savile
Jimmy Savile died in 2011 before being exposed as a paedophileGetty

Police have apologised to victims who were sexually abused by Jimmy Savile and Peter Jaconelli, a former mayor of Scarborough, after a report ruled there had been several "missed opportunities" to prosecute them while they were alive.

North Yorkshire Police have expressed their "great regret" that they did not prosecute Savile, who died in 2011, and Jaconelli who died in 1999.

Police have said there was enough evidence to criminally charge Savile and Jaconelli after 35 people came forward with allegations of abuse.

Police said 32 of the allegations, which include rape and indecent assault, related to Jaconelli between 1958 and 1998, while five related to by Savile between 1979 and 1988. Two people claimed they were abused by both men.

Savile was a frequent visitor to Scarborough throughout his life and had a sea-view flat in the resort.

The force has now apologised after it was revealed these 35 allegations were never passed onto the Crown Prosecution Service.

The police statement came as part of Operation Hibiscus, which began on 14 February 2014. It was instigated following the broadcast of the regional TV news programme Inside Out, which prompted the 35 people to come forward with reports of historic sexual abuse by Jaconelli and Savile.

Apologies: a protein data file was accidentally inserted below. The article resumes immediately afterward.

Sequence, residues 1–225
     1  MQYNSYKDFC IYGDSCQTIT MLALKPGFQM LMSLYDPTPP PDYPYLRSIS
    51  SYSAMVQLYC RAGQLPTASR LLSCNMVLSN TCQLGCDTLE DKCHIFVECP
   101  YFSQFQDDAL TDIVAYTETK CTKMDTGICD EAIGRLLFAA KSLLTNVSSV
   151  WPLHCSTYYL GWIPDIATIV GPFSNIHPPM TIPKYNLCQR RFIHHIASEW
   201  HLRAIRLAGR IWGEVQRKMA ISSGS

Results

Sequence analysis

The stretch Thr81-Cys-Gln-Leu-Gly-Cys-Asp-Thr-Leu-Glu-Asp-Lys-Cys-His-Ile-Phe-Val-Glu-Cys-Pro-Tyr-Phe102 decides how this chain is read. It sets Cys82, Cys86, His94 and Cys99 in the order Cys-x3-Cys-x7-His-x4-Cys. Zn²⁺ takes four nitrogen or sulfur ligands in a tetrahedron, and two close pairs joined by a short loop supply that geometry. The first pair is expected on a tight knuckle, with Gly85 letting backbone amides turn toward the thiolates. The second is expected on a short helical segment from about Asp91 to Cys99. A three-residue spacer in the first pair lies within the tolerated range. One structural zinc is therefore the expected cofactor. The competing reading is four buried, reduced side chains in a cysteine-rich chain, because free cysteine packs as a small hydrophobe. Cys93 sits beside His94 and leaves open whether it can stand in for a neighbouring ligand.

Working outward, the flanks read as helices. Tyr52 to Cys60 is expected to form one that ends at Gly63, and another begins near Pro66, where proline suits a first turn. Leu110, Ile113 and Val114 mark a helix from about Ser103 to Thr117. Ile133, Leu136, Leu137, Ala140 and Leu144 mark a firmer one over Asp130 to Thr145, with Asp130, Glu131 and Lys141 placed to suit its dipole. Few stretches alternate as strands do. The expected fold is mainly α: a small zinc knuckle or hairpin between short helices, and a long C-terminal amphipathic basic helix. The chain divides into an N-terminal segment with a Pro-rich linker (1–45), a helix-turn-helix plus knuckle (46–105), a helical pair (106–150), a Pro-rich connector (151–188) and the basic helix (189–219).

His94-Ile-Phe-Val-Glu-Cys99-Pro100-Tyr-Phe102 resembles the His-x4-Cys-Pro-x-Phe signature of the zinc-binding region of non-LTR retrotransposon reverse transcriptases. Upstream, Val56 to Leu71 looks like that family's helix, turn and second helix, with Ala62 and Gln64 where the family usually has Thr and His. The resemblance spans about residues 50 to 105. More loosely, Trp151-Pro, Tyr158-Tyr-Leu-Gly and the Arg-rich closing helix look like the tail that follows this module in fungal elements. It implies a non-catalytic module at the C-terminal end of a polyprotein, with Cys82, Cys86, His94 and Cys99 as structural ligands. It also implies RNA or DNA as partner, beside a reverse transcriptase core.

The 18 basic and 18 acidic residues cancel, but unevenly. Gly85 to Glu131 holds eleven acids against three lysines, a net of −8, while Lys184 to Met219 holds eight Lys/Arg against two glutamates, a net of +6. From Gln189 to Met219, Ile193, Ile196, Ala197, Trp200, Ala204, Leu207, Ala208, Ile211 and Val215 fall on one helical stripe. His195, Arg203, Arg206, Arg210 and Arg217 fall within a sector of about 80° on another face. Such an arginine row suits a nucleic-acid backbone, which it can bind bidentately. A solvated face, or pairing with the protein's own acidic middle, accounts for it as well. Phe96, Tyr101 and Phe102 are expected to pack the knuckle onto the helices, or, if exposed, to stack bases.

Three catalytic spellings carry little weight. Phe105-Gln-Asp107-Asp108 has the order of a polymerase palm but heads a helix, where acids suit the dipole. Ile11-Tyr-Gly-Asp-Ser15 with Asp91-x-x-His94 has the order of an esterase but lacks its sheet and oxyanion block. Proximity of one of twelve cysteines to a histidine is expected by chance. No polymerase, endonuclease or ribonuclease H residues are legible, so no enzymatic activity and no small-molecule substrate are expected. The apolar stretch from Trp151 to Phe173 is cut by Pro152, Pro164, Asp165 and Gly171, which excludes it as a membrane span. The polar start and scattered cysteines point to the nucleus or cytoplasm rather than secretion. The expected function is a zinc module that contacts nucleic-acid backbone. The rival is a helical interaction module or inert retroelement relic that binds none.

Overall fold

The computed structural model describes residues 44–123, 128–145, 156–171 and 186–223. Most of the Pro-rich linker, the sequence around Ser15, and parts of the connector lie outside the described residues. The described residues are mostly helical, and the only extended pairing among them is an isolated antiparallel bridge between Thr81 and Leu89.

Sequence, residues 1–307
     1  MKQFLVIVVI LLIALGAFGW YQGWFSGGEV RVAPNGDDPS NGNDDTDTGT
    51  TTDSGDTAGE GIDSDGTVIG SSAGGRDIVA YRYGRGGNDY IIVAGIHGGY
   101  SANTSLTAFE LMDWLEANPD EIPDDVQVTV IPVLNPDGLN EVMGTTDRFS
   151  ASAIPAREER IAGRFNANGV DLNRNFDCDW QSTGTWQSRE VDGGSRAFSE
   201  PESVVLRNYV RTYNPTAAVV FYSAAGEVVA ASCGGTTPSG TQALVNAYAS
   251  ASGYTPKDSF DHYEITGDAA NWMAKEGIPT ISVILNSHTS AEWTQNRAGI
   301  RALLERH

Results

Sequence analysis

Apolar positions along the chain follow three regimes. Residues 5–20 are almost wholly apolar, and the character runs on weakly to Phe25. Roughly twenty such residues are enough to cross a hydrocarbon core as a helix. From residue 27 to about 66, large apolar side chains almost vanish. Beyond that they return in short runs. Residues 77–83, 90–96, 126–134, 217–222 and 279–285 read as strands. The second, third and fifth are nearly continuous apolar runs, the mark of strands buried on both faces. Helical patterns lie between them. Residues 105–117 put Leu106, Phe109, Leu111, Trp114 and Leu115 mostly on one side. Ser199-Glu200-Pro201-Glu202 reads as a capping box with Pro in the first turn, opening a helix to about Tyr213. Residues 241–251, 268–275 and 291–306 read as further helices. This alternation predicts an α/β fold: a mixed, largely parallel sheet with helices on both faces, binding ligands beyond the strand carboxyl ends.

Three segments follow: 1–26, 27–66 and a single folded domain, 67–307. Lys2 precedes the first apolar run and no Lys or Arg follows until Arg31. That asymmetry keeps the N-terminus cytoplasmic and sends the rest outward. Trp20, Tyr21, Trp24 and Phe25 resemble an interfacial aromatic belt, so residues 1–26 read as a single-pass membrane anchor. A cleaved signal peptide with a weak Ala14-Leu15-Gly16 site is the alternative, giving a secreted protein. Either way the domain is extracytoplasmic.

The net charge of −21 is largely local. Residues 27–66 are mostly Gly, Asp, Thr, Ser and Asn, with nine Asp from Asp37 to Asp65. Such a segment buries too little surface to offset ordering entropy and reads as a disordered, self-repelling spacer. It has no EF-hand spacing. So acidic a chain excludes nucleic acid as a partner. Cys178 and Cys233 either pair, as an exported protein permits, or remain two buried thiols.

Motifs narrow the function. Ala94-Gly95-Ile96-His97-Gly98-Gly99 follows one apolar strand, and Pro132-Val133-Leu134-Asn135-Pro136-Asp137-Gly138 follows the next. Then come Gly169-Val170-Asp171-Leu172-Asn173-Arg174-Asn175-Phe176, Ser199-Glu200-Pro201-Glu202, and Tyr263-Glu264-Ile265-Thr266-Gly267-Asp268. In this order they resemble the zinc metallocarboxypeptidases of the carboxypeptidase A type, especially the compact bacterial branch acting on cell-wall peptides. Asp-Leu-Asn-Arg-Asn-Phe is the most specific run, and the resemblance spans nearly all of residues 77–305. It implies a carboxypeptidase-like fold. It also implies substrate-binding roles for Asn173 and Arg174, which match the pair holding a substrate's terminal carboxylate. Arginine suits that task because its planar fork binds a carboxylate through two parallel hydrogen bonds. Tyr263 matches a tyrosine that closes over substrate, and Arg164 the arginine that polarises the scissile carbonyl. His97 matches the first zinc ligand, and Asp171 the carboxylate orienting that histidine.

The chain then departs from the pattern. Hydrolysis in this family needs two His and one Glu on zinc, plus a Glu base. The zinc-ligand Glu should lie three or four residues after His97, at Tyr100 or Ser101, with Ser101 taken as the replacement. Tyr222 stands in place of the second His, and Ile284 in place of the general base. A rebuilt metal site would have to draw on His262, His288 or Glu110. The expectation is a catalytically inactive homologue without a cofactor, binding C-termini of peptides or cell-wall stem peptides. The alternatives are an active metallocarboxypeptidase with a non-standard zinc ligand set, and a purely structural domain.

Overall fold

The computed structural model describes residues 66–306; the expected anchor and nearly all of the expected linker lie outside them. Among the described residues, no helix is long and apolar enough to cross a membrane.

Assistant Chief Constable Paul Kennedy, of North Yorkshire Police, said: "The available information indicates that, historically, the police missed opportunities to look into allegations against these men whilst they were still alive.

"Today, North Yorkshire Police apologises to the victims who made the brave decision to come forward during the past 18 months."

He added: "It is important that the victims have been able to make their allegations heard, and that their cases have been comprehensively examined by the police, regardless of the passage of time.

"It is a matter of great regret that, from the outset of the investigation, there was no prospect of true justice being achieved as the suspects are deceased."

Kennedy blamed an "organisational failure" for not prosecuting Savile and Jaconelli as the report ruled there was no evidence of misconduct by the force's officers.

He said there was a number of lessons to be learned which have now been rectified for the future.

He added: "This included actions such as clearly defining search parameters when checking historical records and ensuring that the appropriate department conducts such searches. Furthermore all operational meetings must be recorded, ensuring a full audit trail of decision-making throughout the process for openness and transparency.

"Whilst there were failings to report some relevant information to the HMIC and IPCC, there is no evidence to suggest North Yorkshire Police failed in its responsibility to support Operation Yewtree, the national investigation concerning Savile."

Lawyers representing 169 victims of Savile said they were "routinely ignored" when they tried to bring forward claims of abuse, but will take "some comfort" from the apology.

Jessica Standley, of Slater and Gordon, said: "Savile's victims were routinely ignored when they reported the abuse and countless opportunities to investigate him were missed, not just by police but also in other organisations he was involved with.

Hopefully, we are learning the lessons of the past and no one will ever get away with the systematic reign of abuse Savile did."